APPEAL FROM THE UNITED STATES DISTRICT COURT FOR THE DISTRICT OF NEW JERSEY
(D.C. Civil No. 94-cv-00448)
BEFORE: BECKER, ROTH and LEWIS, Circuit Judges.
In this appeal, we must address the scope of Section(s) 510 of the Employment Retirement Income & Security Act ("ERISA") to determine whether appellant-employee Teresa Kowalski ("Kowalski") stands protected from her employer's alleged retaliatory discharge. Kowalski argues that the district court incorrectly granted summary judgment in favor of appellee-employer L & F Products ("L & F"). Kowalski has alleged that L & F terminated her for exercising her right to receive certain disability benefits.
We hold that Kowalski has raised a cognizable cause of action under Section(s) 510 for retaliatory termination notwithstanding the fact that she had received her benefits prior to being terminated. In addition, for the reasons set forth in section III of this opinion, we will vacate the district court's grant of summary judgment in favor of L & F.
L & F employed Teresa Kowalski as a packaging operator from April 23, 1984 until January 29, 1993. Kowalski's duties as a packaging operator required her to spend the entirety of her eight and a half hour shift on her feet. In June 1991, Kowalski informed L & F's company nurse that she had developed bunions on each foot. On the advice of her doctor, Kowalski decided to undergo separate operations *fn1 to remove each bunion. Between June 7, 1991 and October 21, 1991, Kowalski took a medical leave of absence for the first bunionectomy and received full medical benefits under L & F's Short Term Disability Plan (the "Plan"). Thereafter, Kowalski returned to work. Almost a year later, she took another leave of absence for the second bunionectomy and again received full medical benefits under the Plan.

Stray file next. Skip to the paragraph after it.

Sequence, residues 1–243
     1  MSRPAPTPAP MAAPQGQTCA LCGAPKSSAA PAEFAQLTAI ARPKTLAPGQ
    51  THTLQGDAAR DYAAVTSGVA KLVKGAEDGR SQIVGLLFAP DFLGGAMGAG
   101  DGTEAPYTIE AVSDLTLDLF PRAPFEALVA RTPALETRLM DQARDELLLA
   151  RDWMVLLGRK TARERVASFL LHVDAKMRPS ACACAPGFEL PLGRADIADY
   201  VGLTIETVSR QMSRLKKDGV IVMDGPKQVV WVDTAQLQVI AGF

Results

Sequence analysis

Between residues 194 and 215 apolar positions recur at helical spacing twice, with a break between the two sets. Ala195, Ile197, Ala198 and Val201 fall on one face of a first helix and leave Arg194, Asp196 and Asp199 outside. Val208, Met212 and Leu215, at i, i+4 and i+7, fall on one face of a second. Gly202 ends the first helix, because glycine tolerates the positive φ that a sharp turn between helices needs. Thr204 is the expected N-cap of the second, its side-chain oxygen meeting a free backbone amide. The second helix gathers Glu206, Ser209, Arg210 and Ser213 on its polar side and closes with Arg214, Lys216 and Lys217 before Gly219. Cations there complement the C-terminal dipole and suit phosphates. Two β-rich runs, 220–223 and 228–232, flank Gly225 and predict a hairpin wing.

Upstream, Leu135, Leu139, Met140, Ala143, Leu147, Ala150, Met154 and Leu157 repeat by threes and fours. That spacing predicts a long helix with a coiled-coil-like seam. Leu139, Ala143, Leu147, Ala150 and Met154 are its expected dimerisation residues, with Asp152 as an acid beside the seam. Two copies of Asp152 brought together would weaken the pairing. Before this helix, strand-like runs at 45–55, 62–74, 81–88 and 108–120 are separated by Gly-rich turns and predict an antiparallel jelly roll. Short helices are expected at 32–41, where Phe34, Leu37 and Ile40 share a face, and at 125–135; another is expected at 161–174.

During Kowalski's second leave of absence, L & F's human resource manager, Rob King, hired a private investigator to determine whether Kowalski was actually disabled and entitled to the benefits she was receiving. The investigator produced a report to King stating that Kowalski had been "clean[ing] professional offices" during her medical leave of absence. App. at 74-75. Relying on this report, L & F fired Kowalski on January 29, 1993. App. at 74.
In his deposition, King testified that he relied heavily on the investigator's summary of written statements made by two "witnesses," Diane Laich and Dr. Lapkin, both of which suggested only that Kowalski had contracted to provide cleaning services during the period of her disability. The investigator prepared a written synopsis of Laich's and Dr. Lapkin's statements, which summarily concluded that Kowalski was engaged in the performance of cleaning services during the period of her medical leave.
Neither Laich nor Dr. Lapkin testified or stated that they ever saw Kowalski performing cleaning services. Laich, in a certified statement to the district court, stated that Kowalski had contracted to provide cleaning services for a local church. App. at 50. Laich also stated that she was aware that Kowalski's son and another woman were providing cleaning services at the church. King admitted that he never compared the investigator's synopsis of Laich's and Dr. Lapkin's written statements to their actual statements prior to terminating Kowalski. App. at 73-75.
Despite his own testimony that it is important to consider an employee's version of events before deciding to terminate that employee, King refused to consider Kowalski's responses to the investigator's conclusions. In particular, Kowalski had informed King that she owned a cleaning service, but did not engage in providing cleaning services herself during the period of her disability. *fn2 Nevertheless, King did not allow Kowalski the opportunity to provide any evidence to support her claim.
Kowalski filed this lawsuit alleging that her discharge violated Section(s) 510 of ERISA. The district court granted L & F's motion for summary judgment on the grounds that (1) Kowalski failed to show that L & F's legitimate nondiscriminatory reason for termination was pretextual; and (2) Kowalski failed to offer any evidence of L & F's ...